- Seminar rooms
- A first class library
- Lecture theatre
- A range of clinical skills rooms providing a simulated clinical environment
Warwick hospital is situated in the northwest of Warwick and is part of South Warwickshire NHS Foundation Trust.
Services provided by the hospital include:
- 24-hour Accident and Emergency service
- Diagnostic and Pathology departments
- Maternity services
- Special Care Baby Unit
- Intensive Care Unit
- Coronary Care Unit
- Main and Day Surgery Theatres
There is a purpose-built Education Centre providing excellent facilities for students, including a PC study room and library. In 2007, a new clinical skills room opened, allowing WMS students to practice medical procedures in a safe environment to perfect their techniques.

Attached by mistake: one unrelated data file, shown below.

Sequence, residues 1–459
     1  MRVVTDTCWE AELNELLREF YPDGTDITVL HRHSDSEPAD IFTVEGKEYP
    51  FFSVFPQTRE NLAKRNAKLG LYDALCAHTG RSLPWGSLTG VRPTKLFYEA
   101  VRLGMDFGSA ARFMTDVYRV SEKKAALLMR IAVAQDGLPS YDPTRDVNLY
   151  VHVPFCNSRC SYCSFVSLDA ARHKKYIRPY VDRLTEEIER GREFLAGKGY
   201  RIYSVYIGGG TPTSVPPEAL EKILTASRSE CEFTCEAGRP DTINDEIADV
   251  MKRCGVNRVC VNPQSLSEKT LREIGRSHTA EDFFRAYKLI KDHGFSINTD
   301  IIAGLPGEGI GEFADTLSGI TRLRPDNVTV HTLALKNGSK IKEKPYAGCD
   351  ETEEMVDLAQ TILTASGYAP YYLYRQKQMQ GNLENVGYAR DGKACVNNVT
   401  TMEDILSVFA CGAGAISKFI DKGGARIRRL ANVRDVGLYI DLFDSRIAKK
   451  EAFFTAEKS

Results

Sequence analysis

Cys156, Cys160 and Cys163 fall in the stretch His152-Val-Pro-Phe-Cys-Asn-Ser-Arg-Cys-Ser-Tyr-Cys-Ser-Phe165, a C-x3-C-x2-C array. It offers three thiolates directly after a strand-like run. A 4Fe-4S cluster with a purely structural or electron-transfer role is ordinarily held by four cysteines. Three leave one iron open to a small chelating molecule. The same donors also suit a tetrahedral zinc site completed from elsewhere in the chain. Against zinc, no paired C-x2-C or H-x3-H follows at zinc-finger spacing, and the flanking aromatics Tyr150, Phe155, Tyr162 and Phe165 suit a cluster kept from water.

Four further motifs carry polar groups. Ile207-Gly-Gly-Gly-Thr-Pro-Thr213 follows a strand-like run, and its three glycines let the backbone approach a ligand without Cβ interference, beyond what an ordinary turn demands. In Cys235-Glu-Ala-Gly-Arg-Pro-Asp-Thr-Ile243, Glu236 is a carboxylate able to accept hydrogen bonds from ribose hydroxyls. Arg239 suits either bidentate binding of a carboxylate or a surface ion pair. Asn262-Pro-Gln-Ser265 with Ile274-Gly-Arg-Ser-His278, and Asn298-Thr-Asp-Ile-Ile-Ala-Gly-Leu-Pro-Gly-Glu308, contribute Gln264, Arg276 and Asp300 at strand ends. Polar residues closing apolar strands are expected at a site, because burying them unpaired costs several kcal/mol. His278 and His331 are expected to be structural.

Alexandra Hospital, Redditch
The Alexandra hospital is a district general hospital and continues to be a Warwick clinical partner since the inception of Warwick Medical School Clinical Partnerships in 2003. As part of the multi-site Worcestershire Acute Hospitals NHS Trust, the hospital also provides student placements for Birmingham Medical School. Students have access to patients with undifferentiated medical problems and benefit from an enthusiastic multi-disciplinary teaching faculty including specialist nurses, physiotherapists, occupational therapists, pharmacists, clinical teaching fellows and trainee doctors led by consultants.